A Hospital’s Slow Death: As Beth Israel Shrinks, Patient Care Suffers

Once a full-service hospital that performed heart surgery and treated a range of stroke patients, Beth Israel on Manhattan’s East Side offers more limited services these days. The number of employees has dwindled from 1,800 to about 1,300 in less than a year. Some floors are nearly empty of patients.

That is because for years Beth Israel’s parent hospital system, Mount Sinai, has been trying to close it, saying it loses too much money. The plan has met resistance from community members, a judge and the state Health Department, and has led to a drawn-out fight to keep the hospital from closing.

The delay has created its own problems.

With services reduced, and employees leaving for more secure jobs at other hospitals, the hospital’s ability to care for patients has suffered, according to interviews with medical staff and reports by hospital inspectors. The result has been dangerous, at times even deadly, according to patient advocates.

This January, George Faust, a 76-year-old retired printer in Greenwich Village, awoke from a nap in his Eames chair, tried to stand up and fell. He broke a few ribs and was transported by ambulance to Beth Israel, one of the few remaining hospitals serving downtown Manhattan.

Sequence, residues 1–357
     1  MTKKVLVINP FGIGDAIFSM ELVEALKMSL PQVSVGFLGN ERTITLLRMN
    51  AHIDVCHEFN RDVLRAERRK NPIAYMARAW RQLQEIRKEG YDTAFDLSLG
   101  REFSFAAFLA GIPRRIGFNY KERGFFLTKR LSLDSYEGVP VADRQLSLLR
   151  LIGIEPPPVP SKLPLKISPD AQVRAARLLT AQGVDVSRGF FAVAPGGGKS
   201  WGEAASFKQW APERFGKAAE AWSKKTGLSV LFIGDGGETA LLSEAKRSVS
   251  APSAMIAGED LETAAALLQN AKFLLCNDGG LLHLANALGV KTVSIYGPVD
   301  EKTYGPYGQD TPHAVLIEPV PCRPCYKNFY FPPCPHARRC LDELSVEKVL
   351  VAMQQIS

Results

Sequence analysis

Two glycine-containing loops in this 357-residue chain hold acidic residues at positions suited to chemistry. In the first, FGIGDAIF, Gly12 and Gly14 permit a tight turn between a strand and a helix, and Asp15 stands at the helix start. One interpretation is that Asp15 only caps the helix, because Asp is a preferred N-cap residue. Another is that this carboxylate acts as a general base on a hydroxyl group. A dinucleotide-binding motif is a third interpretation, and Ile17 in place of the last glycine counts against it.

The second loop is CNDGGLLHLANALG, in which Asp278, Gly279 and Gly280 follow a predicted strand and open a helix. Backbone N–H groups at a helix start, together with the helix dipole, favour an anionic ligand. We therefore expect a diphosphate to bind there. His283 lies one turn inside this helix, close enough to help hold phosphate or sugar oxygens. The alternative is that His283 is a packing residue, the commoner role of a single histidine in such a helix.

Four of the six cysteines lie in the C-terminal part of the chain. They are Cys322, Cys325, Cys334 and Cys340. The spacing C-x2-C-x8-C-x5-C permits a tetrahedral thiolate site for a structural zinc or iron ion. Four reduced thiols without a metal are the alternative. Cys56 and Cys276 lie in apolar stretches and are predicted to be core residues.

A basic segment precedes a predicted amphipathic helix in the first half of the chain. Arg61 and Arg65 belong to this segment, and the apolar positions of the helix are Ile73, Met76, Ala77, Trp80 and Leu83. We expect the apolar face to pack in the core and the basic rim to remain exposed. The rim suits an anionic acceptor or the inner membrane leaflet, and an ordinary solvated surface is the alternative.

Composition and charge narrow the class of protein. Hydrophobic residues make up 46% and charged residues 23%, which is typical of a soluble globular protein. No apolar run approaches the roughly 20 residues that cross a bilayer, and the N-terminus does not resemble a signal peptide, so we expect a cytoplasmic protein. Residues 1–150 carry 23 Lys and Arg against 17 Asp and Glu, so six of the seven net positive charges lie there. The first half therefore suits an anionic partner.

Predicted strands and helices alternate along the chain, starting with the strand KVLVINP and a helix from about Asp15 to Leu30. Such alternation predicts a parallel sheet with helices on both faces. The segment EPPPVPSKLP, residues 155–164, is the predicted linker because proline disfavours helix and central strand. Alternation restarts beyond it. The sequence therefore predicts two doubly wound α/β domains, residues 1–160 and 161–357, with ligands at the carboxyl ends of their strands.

At the emergency room on Jan. 16, he was found to have a collapsed lung as well as broken ribs, his wife, Kathleen Faust, said in a phone interview. Beth Israel staff members said the facility was too understaffed to care for a “trauma patient,” according to an affidavit Ms. Faust filed.

He ended up at two other hospitals, and eventually died after blood pooled in his lungs and abdomen, according to Ms. Faust.

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